But, he said, “In Italy, an hour’s drive from here, they still pretend not to see it.”

The Slovenian, identified by the Padua investigation as one of the mainstays of Ferrari’s team, charged with recruiting other athletes to the doctor’s client list, wouldn’t be drawn on his current clients, but said they included amateurs as well as professionals.

“I always say, don’t expect miracles, but you can get improvements; but you have to follow the life of an athlete, if you don’t, it’s useless.”

He remains full of praise for his mentor, Ferrari. "Michele is a friend of mine and also the best trainer there could ever be, full stop.  His method isn’t doping, it’s training, personalised.

“I remember training with him on Tenerife, under the volcano. [Vincenzo] Nibali was there, although with other trainers. But the ones who were with Michele were stronger. Why? He is the best.

“When I opened Villa Triglav he [Ferrari] came here, saw the establishment, and paid me compliments,” he added, saying that it is fully booked for months to come.

Simon joined as news editor in 2009 and is now the site’s community editor, acting as a link between the team producing the content and our readers. A law and languages graduate, published translator and former retail analyst, he has reported on issues as diverse as cycling-related court cases, anti-doping investigations, the latest developments in the bike industry and the sport’s biggest races. Now back in London full-time after 15 years living in Oxford and Cambridge, he loves cycling along the Thames but misses having his former riding buddy, Elodie the miniature schnauzer, in the basket in front of him.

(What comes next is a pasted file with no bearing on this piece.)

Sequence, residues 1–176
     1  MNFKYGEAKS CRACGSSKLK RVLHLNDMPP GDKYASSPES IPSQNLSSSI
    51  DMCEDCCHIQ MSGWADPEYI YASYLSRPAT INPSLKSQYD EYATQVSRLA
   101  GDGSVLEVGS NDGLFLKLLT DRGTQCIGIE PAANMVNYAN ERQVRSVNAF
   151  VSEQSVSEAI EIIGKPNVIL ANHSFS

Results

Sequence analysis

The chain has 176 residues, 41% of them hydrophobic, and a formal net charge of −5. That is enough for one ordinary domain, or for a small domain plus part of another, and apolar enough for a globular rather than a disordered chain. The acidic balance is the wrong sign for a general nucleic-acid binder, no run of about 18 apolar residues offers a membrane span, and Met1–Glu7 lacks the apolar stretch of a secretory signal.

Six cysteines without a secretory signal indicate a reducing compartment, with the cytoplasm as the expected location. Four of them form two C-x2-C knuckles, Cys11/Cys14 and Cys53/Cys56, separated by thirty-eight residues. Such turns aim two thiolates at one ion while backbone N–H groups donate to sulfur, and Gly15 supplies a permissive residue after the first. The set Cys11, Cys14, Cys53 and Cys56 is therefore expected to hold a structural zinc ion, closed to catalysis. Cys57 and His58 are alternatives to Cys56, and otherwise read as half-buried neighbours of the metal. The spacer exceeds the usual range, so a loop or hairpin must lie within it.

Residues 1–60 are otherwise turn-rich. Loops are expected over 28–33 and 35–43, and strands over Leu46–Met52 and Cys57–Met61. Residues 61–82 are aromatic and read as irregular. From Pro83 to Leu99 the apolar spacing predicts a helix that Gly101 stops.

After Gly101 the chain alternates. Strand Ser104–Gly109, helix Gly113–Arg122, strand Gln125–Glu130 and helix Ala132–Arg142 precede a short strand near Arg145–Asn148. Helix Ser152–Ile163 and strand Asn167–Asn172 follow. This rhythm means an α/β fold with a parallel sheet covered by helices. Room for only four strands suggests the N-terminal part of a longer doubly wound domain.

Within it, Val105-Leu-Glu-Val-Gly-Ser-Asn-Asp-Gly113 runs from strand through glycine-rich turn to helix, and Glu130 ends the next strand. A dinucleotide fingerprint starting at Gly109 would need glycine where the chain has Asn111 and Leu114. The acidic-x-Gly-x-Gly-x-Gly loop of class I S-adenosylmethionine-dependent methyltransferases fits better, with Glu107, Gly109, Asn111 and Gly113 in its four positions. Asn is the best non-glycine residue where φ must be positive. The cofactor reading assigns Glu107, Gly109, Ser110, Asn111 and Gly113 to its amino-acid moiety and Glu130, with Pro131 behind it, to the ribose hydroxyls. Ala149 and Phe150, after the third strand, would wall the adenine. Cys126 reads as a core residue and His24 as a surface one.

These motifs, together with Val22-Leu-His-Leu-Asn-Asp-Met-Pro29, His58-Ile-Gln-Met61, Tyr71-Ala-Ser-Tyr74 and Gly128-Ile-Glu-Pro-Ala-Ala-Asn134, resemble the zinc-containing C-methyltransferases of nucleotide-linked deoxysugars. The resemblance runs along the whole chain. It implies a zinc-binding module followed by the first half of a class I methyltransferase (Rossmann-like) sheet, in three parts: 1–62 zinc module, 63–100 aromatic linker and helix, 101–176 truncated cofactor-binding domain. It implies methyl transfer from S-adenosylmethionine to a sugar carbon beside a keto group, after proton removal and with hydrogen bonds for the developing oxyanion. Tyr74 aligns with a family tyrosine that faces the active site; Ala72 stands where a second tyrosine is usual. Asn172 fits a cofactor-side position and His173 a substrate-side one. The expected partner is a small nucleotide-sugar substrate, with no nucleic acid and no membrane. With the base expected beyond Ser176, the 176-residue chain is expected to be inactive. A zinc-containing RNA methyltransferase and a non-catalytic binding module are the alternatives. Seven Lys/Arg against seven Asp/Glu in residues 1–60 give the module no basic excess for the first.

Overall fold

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manmachine | 9 years ago

Journalists are nothing more than low educated, whore-like propagandists, serving their global masters. Pathetic, fragile beings

Bigfoz | 9 years ago

Does that mean altitude simulating training masks are also illegal?

or living in Jo'Burg?

Gasman Jim | 9 years ago


jacknorell | 9 years ago

There aren't too many places in the world where you can stay and train at 4,000 metres above sea level...

don simon fbpe | 9 years ago

What is the altitude that athletes are limited to living and training at?

Leeroy_Silk | 9 years ago

What's the difference between an altitude tent in a hotel and altitude training in a real altitude environment. It's no secret that athletes have been doing this for years without any claims of 'doping'.

Gasman Jim replied to Leeroy_Silk | 9 years ago

The difference is, that using an "altitude tent" only reduces your inspired fractional concentration of oxygen and not the barometric pressure, it therefore produces less significant adaptive changes compared to actually going to altitude.

Aapje replied to Gasman Jim | 9 years ago
Gasman Jim wrote:

The difference is, that using an "altitude tent" only reduces your inspired fractional concentration of oxygen and not the barometric pressure, it therefore produces less significant adaptive changes compared to actually going to altitude.

But it does allow people to 'live high, train low' pretty easily.